My current preferred medium. I tend to avoid the cheapest consumer-level drives but am too cost-conscious to select enterprise-level solutions. My choice: drives aimed at 24/7 video surveillance systems. Of the six 4Tb purchased, two failed within the 3-year warranty term. While I have drives much older (an 80Gb Hitachi, for example) that still work, it’s clear that larger capacity drives will fail, it’s just a matter of when.
Backblaze, in a detailed ongoing survey, clearly demonstrate that hard drive failure is expected. While these results are based on data center 24/7 usage, it’s generally assumed that hard drive failure in a typical office environment is likely after four years of usage. Power surges, vibration, and deterioration during the life span of the are all common problems of HDDs. There is a reason long-term warranties are not available on consumer drives.
Optical Media for Data Backups
Whether CD, DVD, or Blu-ray discs, good optical media for data backups is challenging to find. Bargain hunters who purchase cheap media are disappointed to discover that discs are unreadable after just a few uses. In optical media, you get what you pay for and even the best media is corrupted by sunlight, humidity, incorrect storage (near magnetic sources, for example) and scratching.
M-Disc media is expensive and claims a lifespan of 1,000 years although I’ve yet to verify that one. As the data is engraved onto advanced metals, it would seem to have potential. An M-Disc burner retails under $100, so it’s an affordable option. Unfortunately, as capacity grows in optical media, speed suffers. Expect write speeds of 6x at best. As with all optical media, it could take some time to find the media that works best with your burner and players, due to firmware incompatibility or variations in media quality. Fake optical media is very common.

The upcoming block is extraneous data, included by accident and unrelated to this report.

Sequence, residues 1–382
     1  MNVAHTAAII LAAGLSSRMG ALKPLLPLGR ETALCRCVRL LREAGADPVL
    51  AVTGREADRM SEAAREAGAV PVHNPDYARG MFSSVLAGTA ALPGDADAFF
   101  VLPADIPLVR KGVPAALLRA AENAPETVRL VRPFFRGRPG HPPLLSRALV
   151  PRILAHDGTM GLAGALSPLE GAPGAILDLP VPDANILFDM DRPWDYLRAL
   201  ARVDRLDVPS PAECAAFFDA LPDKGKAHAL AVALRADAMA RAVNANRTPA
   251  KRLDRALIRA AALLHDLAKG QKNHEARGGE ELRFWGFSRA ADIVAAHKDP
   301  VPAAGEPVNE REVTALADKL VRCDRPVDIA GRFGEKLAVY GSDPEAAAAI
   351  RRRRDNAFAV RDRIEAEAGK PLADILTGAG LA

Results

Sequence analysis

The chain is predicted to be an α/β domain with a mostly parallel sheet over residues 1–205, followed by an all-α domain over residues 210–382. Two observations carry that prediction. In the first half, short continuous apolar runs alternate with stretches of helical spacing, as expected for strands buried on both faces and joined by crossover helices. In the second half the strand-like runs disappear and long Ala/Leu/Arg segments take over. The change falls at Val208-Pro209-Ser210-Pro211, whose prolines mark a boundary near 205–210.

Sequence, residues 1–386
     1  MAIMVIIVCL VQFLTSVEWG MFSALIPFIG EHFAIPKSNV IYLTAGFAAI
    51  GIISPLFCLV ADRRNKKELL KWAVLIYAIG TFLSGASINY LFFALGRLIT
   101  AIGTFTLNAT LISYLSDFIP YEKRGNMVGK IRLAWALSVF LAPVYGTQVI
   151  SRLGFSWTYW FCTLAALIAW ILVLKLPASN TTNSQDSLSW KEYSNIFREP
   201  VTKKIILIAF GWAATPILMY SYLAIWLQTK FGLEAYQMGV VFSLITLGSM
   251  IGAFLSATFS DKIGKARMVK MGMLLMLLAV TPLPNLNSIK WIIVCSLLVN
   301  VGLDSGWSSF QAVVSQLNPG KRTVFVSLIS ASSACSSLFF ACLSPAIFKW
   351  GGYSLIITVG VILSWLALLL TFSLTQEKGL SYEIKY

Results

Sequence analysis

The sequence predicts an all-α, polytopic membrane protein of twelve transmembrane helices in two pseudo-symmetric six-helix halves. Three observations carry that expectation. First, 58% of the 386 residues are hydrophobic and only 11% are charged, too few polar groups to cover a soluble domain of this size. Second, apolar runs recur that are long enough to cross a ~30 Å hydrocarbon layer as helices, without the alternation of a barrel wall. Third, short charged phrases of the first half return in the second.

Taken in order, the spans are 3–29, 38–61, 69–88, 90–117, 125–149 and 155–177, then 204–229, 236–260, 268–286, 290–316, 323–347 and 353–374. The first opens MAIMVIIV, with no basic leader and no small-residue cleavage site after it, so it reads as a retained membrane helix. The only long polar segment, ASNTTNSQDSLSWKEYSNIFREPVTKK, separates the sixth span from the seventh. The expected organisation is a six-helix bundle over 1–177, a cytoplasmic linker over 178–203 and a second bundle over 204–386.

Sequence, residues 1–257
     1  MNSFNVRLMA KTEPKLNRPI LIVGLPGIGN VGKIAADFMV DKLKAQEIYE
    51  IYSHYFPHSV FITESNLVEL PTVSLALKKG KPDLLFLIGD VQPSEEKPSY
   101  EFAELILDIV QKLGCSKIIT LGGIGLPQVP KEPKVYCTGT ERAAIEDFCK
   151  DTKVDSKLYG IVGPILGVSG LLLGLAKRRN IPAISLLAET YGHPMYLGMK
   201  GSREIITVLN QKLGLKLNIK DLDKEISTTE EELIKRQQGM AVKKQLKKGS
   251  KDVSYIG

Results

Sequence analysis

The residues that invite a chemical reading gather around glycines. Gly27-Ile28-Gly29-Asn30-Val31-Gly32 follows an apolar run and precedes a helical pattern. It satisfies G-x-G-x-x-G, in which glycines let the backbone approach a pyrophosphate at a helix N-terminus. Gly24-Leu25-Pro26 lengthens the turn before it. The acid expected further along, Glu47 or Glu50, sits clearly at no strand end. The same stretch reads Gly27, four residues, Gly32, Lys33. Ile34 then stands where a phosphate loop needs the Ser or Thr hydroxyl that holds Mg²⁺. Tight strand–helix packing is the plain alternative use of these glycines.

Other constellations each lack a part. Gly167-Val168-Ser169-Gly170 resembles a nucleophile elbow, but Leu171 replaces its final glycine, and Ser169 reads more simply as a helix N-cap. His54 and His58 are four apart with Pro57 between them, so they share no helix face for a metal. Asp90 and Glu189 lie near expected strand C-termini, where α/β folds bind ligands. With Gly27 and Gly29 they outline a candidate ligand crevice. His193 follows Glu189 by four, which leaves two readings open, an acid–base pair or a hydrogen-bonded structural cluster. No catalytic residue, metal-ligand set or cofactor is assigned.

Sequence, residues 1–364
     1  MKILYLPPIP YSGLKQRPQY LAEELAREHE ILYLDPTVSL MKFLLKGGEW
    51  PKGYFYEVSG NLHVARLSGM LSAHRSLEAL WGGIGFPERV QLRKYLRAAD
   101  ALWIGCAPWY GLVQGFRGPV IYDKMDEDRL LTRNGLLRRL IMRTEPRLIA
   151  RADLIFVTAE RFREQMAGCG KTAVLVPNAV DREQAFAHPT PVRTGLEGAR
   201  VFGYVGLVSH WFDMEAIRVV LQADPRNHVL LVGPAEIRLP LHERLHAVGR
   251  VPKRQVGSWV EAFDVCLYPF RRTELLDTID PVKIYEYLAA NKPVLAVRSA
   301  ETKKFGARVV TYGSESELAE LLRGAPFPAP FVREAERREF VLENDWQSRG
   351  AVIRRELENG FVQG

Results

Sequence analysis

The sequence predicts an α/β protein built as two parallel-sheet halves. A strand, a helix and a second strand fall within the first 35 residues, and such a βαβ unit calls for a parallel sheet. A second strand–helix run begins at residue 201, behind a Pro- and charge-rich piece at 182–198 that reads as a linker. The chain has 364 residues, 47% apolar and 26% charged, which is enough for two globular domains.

Whether it’s SSDs or memory sticks, the biggest issues here are cost and insufficient capacity when compared to HDDs or tape. In addition, the electrical charge decays over time in all such storage, and the likelihood of failure increases according to write cycles.
Ignoring memory cards as an option for long-term storage, what’s the best option to ensure data integrity in the medium to long-term? Well, you could outsource data storage requirements and make a qualified third party responsible for all the headaches associated with data storage, backup, verification, and archiving, i.e. use the cloud. Let someone else worry about data degradation, bit rot, and other terms associated with the process.
Whatever type of storage you decide on, it’s necessary to define a backup process. Will you focus on regular drive images, scheduled incremental backups, real-time mirroring, RAID, NAS or just an external drive? The choice is yours.
In conclusion, all our data storage devices and media have known flaws. Environmental conditions must be considered, and correct storage procedures are necessary to ensure data is retained without degradation. A good practice is to use the 3-2-1 method, where there is one original data source and three copies (involving at least two storage types, the cloud and tape, for example).
Data recovery from corrupt or damaged storage is expensive and is generally unnecessary if a stable backup process is in place.
Regardless of the backup/storage methods used, data verification is key. The only way to verify your backups is to restore them. A failure to restore a backup in an emergency could have serious implications for your business. There are too many variables in play to ignore what should be a standard preventative maintenance task, performed as an integral part of the disaster recovery process. The truth is we are limited by current storage technologies, at least until DNA makes them obsolete. I hope its sooner rather than later.